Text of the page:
Rosie Davenport
The drinks industry is bracing itself for another round of consolidation as a result of Scottish & Newcastle's decision to exit pub retailing and buy Bulmers for £278m.
The brewer, which is seeking a buyer for its £2.3bn pub estate, is already rumoured to be looking for new acquisitions beyond the cider maker. S&N's shopping spree went into overdrive this week as it announced intentions to take full control of SCC, the Portuguese brewer and distributor, in which it currently has a 49% stake.
Carlsberg could be another target on the wish list of incoming chief executive Tony Froggart as he strives to further strengthen the brand portfolio.
Analysts have also predicted that bids for Spain's Mahou brewer ­ home of San Miguel ­ and Peroni in Italy could be on the cards. S&N has shown an interest in both companies since buying Kronenbourg.
However, S&N may not be allowed to enjoy pondering ways to grow outside pub retailing for too long ­ it has been named as a potential acquisition target. "S&N is very vulnerable now that it is unencumbered by its pubs," said one analyst. He added that US brewing giant Anheuser Busch was a possible contender as well as South Africa's SABMiller.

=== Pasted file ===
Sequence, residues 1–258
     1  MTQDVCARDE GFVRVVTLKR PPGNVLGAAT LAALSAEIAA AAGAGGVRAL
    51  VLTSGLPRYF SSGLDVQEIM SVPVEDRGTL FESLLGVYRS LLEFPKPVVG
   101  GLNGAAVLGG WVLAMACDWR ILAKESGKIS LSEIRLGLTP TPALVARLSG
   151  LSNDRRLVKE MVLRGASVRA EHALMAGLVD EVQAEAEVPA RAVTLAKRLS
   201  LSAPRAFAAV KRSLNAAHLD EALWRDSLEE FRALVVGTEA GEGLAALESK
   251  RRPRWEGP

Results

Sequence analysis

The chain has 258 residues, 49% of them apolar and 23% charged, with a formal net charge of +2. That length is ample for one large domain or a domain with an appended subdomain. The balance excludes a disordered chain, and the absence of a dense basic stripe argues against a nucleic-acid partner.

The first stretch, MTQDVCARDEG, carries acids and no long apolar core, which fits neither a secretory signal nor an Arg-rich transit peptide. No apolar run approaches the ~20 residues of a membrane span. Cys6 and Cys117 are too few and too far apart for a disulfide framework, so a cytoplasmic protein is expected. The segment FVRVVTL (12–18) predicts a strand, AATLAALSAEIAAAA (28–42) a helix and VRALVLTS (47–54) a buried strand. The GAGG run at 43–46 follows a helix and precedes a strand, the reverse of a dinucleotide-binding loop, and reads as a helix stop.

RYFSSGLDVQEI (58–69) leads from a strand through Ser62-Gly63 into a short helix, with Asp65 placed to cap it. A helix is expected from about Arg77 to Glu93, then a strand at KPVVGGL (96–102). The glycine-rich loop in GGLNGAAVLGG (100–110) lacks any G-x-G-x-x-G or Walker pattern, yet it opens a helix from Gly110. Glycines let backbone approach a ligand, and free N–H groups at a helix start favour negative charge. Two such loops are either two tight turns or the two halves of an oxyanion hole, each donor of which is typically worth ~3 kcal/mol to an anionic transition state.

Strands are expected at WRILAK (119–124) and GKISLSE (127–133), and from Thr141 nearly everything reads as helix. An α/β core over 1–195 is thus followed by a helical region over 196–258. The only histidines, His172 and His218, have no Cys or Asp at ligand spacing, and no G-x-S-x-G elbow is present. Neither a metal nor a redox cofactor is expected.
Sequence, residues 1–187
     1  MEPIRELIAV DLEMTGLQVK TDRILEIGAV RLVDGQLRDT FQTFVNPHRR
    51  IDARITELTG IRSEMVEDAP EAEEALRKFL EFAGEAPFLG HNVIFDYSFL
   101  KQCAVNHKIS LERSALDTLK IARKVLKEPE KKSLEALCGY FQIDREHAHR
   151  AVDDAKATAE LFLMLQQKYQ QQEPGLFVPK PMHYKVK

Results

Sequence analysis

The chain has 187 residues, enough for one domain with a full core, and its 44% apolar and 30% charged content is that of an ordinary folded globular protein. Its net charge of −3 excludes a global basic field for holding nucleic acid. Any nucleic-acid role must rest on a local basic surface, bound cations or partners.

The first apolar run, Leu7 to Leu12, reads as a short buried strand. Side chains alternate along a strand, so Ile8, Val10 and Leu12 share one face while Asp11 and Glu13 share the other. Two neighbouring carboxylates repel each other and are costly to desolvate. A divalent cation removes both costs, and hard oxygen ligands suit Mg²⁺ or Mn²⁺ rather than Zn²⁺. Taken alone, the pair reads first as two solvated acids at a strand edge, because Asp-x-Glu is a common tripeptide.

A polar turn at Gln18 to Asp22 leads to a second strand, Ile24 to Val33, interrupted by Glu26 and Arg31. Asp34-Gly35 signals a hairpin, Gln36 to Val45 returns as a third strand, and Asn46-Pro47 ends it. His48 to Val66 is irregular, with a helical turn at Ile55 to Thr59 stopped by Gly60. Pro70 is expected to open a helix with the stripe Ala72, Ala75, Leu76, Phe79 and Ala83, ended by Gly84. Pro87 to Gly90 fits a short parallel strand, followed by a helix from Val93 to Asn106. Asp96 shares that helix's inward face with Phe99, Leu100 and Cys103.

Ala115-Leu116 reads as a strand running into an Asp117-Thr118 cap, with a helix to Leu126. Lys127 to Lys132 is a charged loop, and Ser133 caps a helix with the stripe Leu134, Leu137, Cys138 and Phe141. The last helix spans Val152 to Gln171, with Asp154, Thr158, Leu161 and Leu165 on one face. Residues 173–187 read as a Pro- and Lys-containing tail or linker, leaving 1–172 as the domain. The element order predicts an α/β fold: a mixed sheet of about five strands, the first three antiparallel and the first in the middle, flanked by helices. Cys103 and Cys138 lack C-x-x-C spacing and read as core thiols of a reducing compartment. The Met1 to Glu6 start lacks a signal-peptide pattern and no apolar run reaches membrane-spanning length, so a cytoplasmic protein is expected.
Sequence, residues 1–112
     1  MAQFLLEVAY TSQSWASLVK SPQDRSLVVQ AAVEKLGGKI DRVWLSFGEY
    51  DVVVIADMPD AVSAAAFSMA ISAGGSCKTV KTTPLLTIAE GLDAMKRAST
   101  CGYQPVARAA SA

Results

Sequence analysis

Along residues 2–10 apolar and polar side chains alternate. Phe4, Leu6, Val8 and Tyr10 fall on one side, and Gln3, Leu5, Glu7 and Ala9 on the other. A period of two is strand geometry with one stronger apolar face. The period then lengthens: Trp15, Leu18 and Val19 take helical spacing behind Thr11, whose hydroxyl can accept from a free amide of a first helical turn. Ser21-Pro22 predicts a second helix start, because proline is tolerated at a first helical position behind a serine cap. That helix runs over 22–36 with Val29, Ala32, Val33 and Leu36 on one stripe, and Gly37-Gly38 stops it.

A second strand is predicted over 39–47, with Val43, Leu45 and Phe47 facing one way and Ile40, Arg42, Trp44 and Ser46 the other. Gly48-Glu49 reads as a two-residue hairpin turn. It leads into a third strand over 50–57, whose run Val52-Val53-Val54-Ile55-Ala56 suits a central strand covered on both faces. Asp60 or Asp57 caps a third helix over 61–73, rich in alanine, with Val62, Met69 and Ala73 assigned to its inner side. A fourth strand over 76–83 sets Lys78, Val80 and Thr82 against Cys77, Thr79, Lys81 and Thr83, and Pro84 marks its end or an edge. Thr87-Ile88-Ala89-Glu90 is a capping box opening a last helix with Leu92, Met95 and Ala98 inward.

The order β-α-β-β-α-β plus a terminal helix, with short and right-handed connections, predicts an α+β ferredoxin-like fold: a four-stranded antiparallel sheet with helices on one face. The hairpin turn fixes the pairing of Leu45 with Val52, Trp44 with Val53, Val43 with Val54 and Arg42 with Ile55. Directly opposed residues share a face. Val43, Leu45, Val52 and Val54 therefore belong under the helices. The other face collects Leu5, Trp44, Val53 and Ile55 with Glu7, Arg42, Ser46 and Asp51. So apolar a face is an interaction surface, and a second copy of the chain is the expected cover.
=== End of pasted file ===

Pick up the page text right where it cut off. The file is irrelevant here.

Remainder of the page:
Another analyst said: "A number of large, international brewers have looked at S&N but have been put off by the pub side. I think it's now a question of how safe is S&N?"
Security was also front of mind at Bulmers' head office where, despite supporting the deal as a means to sustaining the company's future, staff are braced for redundancies.
Bulmers' PR manager, George Thomas, said: "We failed in our bid to remain an independent company.
"Some support jobs will go as functions are integrated into the S&N business, but we hope that the Bulmers' name will continue to be associated with brands once they are part of the Scottish & Newcastle organisation."
The deal, which City commentators describe as being a "full price", includes £91m of debt as well as control of on-trade distribution arm the Beer Seller, worth £30m.
At 310p per share, analysts believe it is unlikely rivals, including Interbrew, will mount a counter bid.

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